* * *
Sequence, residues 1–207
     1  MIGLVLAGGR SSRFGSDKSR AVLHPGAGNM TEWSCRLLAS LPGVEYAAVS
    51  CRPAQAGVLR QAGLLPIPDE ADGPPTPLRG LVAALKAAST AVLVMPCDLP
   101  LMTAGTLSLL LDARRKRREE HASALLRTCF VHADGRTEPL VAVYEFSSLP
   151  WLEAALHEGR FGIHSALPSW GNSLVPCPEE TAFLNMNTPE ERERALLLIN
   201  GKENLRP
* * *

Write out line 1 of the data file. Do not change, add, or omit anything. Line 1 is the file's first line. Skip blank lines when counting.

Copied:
Sequence, residues 1–207